Vice President Yemi Osinbajo has urged banking industry in Nigeria to brace up for disruptive innovations, warning that no one can stop the progress in technology.
Professor Osinbajo stated this on Tuesday while declaring open the 12th Annual Conference of the Chartered Institute of Bankers of Nigeria, CIBN, in Abuja.
The vice president said Nigeria’s 117 million telephone users have created a huge market where financial technology companies would play an active part in the banking industry.
“There is a huge market out there—the FINTECH businesses and all of that, that appears to be somewhat outside the formal banking system,” he said.
Professor Osinbajo said he has been speaking with telecommunication companies and banks to seek for ways of resolving issues that could arise from advancement in technology.
“There is a fair amount of tension going on because, obviously, the telecoms appear to take the launch of banks and everyone is saying, no, you can’t go that far; you can’t do this; you must become a licensed bank and all that. And a lot of FINTECH companies are doing a lot of incredible things across borders and we are at a point where you cannot anything; you can’t stop the progress going on; there is no way,” Professor Osinbajo said.
Noting that the banking industry was being disrupted by advancement in technology, he said; “we must sit down and develop policies—policies that would enable the FINTECH to grow; policies that would find space for telecoms also to grow.”
According to him, a lot of young Nigerians who are members of the creative group of the Industrial Policy and Competitiveness Advisory Council have shown how government could modify policies and rules to enable them, not just to access credit, but also for banking licenses and other financial institution licenses.
He said that response of the Central Bank of Nigeria and banks in Nigeria has been progressive.
The vice president also advised the Nigerian financial services sector to redefine and challenge itself to partner with public sector and players in the capital market.
Professor Osinbajo said this was necessary for the industry to key into the opportunities offered by the Africa Continental Free Trade Agreement, ACfTA, which President Muhammadu Buhari signed in Niamey, Niger, this year.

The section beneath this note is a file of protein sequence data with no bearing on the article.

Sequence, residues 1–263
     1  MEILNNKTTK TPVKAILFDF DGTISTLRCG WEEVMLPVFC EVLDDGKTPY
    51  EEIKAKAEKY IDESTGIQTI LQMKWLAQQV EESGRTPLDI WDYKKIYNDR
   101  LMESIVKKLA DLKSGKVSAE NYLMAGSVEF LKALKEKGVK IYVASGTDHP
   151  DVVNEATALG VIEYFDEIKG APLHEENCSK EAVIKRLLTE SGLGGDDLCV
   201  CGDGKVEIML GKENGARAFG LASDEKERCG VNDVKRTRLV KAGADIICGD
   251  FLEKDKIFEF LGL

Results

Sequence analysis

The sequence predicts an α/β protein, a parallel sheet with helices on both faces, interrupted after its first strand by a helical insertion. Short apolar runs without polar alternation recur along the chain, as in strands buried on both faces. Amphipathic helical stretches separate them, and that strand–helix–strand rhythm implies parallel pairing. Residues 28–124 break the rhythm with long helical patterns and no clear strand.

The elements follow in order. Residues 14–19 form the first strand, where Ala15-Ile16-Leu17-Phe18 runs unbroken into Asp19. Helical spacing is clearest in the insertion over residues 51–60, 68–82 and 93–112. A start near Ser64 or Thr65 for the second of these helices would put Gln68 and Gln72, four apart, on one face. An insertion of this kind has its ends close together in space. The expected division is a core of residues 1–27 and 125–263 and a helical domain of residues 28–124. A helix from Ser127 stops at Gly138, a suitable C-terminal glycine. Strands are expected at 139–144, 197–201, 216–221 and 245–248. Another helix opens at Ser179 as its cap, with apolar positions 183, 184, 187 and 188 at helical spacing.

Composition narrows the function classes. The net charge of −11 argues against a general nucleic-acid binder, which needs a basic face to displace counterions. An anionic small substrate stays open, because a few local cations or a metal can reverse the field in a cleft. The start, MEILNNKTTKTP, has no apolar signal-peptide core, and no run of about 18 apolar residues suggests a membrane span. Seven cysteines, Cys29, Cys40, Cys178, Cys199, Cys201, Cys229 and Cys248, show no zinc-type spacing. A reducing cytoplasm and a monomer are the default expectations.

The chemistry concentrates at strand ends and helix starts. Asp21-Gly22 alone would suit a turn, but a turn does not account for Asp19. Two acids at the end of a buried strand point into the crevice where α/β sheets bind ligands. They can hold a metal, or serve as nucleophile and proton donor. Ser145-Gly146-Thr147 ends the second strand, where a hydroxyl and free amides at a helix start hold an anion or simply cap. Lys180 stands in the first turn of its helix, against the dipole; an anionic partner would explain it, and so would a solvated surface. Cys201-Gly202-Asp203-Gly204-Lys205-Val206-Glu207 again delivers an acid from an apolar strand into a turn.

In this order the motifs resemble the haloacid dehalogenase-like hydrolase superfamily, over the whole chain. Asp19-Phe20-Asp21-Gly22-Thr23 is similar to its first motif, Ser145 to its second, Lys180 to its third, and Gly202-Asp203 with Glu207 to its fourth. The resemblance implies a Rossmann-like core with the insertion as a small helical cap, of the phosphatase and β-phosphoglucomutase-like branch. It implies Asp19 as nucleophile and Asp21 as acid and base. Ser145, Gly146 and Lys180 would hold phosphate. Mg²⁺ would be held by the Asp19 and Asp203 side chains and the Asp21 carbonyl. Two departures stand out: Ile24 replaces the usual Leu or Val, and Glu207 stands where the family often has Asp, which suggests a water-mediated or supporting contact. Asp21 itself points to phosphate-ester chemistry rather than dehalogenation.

“We have great opportunities to extend the reach of our banking and financial services across Africa where we are already making waves, and export more where we are already exporting especially in fast moving goods, cement and now FINTECH. But we must improve infrastructure to expand our manufacturing base, and produce cheaper.
“This is crucial because we are also the target market for all Africa…We are already faced with the threat of smuggling will now have to contend with the threat of dumping.
“This is why the current stage of negotiations on the AfCTA is crucial,’‘ he explained.
Dr. Joseph Nnanna, who represented the Governor of the Central Bank of Nigeria, reminded bankers in Nigeria of the trends in the industry and the need to keep pace with them.
“Today, the Central Bank of Nigeria is calling on the banking system to be alive to its responsibility
“We cannot concede of an economy without banks, neither can we conceive of banks without economy…What I’m simply saying is that the days of arm-chair banking, playing in the treasury bill space, those days are right behind us,” Dr Nnanna said.
He challenged bankers to support government in asset creation and in the creation of jobs for Nigeria’s teeming population.
The President of the Chartered Institute of Bankers of Nigeria, CIBN, Professor Uche Olowu, said; “financial institutions must re-imagine banking within the context of our daily lives, our routine, our needs, our desire and impact on our future.”
Professor Olowu said the 12th Annual Conference of the CIBN was significant because it also marked the 125th anniversary of the banking industry in Nigeria.